Here is the trick, if your child will not just sit in the chair (and many won’t), go behind them and hold them in the chair as if you were a human rope.  In most cases the child will be crying and trying to get up out of the chair, but you calmly hold them in the chair from behind. No eye contact!  Once the timer goes off, you let go of them, go back around so that you make eye contact again, get down to their level, and explain once again that they had to sit in the chair because they (fill in the blank).  

Time out takes time and patience.  If you are consistent about using time out for misbehaving, your child will learn to sit in the chair.  For some it may only take 1 time and others are more head-strong and it may take months of “human rope” before they decide to sit alone.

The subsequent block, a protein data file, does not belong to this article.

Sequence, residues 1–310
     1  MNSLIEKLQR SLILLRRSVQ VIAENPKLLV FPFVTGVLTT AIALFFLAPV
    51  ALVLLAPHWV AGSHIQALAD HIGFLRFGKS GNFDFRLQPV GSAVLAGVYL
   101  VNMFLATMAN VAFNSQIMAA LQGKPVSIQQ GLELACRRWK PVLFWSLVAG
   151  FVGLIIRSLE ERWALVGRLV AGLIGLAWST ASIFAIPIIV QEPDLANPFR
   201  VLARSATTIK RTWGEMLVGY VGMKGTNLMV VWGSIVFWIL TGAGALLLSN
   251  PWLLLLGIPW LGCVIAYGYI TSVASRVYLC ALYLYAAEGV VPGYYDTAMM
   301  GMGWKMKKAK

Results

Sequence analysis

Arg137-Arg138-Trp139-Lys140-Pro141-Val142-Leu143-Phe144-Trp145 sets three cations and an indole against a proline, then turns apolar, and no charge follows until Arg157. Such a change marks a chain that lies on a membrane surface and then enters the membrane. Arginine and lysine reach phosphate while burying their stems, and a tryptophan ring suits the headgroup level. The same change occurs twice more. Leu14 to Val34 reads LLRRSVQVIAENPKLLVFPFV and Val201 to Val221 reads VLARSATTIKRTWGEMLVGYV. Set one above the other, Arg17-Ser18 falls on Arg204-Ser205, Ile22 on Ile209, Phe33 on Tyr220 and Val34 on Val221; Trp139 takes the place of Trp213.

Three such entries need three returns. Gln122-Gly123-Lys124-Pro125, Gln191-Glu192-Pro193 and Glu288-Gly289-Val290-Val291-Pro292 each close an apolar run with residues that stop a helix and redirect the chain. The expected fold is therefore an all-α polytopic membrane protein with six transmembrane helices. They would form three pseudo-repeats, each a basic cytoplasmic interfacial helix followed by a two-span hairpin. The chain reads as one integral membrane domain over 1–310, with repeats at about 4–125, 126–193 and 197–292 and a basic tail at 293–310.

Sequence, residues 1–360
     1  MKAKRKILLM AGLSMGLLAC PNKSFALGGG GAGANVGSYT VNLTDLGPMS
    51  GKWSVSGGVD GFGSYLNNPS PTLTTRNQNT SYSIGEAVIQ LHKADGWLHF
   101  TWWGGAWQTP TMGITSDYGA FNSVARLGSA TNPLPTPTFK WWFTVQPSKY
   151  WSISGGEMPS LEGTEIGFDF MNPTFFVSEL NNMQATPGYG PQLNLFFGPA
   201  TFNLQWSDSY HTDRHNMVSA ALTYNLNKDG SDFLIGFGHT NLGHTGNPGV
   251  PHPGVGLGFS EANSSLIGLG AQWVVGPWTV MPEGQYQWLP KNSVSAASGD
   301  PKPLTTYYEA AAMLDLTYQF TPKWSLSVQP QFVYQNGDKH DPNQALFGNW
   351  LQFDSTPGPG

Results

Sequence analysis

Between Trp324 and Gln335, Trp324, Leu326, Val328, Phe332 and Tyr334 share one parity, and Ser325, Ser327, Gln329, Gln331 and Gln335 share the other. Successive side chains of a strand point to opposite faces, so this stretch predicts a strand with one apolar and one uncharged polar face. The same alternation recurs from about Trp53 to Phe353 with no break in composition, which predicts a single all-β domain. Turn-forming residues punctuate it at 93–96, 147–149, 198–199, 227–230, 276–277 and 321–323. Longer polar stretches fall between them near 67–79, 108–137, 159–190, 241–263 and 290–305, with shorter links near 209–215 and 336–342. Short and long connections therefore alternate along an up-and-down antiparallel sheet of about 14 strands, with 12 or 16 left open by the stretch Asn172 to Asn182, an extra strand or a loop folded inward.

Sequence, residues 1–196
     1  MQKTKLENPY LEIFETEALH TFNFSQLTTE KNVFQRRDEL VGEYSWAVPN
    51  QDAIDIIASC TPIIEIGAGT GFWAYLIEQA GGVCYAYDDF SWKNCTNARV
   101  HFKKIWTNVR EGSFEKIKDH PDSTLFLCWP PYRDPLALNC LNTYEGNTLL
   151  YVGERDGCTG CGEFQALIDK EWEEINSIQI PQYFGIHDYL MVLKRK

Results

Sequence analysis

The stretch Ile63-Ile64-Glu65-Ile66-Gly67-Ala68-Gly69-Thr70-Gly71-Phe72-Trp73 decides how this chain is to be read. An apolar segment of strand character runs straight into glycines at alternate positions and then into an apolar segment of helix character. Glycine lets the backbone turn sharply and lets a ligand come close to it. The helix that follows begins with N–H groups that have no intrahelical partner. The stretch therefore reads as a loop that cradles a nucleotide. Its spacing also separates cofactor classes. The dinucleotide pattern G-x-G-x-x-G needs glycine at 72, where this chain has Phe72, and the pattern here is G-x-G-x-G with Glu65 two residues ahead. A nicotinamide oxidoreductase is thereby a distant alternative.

Don’t give up!!!  This is a very important lesson for children to learn and you will use time out many times, not only in that little chair, but in other venues as your child gets older.    

Daily Dose

How to Treat A Vomiting Child

We are definitely in the throes of "sick season" in our office and with that comes a lot of kids with vomiting. I remember the first time that one of my own children vomited.